More recently, John and his team demonstrated a new analysis technique that detects early stages of glaucoma, and actually mitigated the disease by targeting some of the molecular events in those early stages. In other research they showed that a form of RNA granules known as stress granules — key players in basic cell processes — can affect eye development, leading to juvenile cataracts and glaucoma in humans and mice. And they discovered a gene implicated in an acute and severe form of glaucoma known as angle-closure glaucoma.
A hallmark of John’s research is a kind of audacious elegance. Having uncovered a role for L-DOPA in congenital glaucoma, John showed that feeding the molecule to mice with a mutation in a human developmental glaucoma gene during gestation prevents the developmental abnormalities. This suggests that ingestion of foods rich in L-DOPA (such as fava beans) may be therapeutically useful, and may explain why some individuals with congenital glaucoma mutations are protected from disease in populations with a diet rich in L-DOPA.
Likewise, the John lab recently showed that in mice genetically predisposed to glaucoma, Vitamin B3 added to drinking water prevents the disease when administered before symptoms occur, and reduces damage and vision loss in mice that have already developed symptoms. Importantly, this treatment complements IOP lowering strategies as it directly protects the optic nerve and retina. These surprising findings offer promise for developing inexpensive and safe treatments for glaucoma patients via diet or gene therapy, and clinical trials are now under development.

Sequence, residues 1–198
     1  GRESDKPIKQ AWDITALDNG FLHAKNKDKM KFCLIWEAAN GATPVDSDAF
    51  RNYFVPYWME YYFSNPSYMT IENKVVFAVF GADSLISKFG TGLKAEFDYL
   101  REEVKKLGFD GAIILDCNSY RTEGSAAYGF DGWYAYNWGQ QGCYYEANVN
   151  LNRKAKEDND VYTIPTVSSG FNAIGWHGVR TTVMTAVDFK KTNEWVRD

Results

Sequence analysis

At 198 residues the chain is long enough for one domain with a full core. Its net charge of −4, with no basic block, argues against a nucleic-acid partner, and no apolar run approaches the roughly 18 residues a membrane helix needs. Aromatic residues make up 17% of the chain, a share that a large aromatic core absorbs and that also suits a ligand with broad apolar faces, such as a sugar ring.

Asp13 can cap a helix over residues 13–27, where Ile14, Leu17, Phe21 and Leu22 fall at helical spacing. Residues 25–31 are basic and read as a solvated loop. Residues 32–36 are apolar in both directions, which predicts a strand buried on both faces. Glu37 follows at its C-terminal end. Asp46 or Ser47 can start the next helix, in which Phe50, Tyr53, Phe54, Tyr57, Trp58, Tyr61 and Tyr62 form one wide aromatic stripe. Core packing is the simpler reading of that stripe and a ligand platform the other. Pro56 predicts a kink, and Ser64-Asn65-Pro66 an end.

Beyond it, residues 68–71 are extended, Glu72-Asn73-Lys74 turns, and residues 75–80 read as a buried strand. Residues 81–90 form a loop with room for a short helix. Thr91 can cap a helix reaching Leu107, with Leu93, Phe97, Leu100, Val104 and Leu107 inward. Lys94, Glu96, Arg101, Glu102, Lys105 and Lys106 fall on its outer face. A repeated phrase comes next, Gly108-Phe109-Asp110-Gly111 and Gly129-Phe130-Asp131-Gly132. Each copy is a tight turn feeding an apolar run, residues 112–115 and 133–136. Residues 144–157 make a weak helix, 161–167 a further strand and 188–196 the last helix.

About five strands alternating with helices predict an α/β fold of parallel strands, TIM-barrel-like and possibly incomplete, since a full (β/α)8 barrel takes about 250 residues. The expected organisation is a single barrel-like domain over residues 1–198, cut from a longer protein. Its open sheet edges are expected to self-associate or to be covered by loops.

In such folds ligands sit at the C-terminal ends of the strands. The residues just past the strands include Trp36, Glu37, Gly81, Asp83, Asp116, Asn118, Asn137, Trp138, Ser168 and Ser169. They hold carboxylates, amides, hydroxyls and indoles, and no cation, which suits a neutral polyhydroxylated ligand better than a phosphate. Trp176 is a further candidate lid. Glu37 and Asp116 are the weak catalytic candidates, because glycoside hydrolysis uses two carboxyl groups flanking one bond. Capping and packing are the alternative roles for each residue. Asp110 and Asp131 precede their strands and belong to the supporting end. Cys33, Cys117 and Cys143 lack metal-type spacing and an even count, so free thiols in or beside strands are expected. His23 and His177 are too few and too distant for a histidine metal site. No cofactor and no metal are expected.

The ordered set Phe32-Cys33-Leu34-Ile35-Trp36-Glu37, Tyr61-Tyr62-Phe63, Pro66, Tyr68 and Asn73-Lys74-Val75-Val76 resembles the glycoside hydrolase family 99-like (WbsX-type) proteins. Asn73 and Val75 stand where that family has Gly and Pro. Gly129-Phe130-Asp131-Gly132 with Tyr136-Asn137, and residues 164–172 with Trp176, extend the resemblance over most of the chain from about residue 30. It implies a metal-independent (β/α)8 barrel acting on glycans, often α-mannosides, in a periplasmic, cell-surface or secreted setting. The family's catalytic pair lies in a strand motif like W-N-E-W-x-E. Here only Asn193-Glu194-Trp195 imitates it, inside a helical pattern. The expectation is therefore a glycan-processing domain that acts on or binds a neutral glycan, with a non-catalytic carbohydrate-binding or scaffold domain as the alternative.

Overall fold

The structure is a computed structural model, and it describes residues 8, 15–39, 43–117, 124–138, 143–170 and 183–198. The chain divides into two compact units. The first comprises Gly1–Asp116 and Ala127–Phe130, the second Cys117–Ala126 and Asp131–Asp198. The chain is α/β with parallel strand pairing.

Over the years John has helped to ensure the success of his lab by carefully selecting, and proactively mentoring, talented research scientists — Ph.D.s who have already completed their postdoc stints — to run the day-to-day operations of the lab’s many ongoing research projects. This experience gives the young scientists a significant leg up in securing their first independent research grants.
Described as a “world authority in glaucoma” by his own mentor, the late Nobel laureate Oliver Smithies, John is the recipient of many prestigious awards, including the Lewis Rudin Glaucoma Prize, the Bressler Vision Science Award and the Global Glaucoma Award from the Association of International Glaucoma Societies.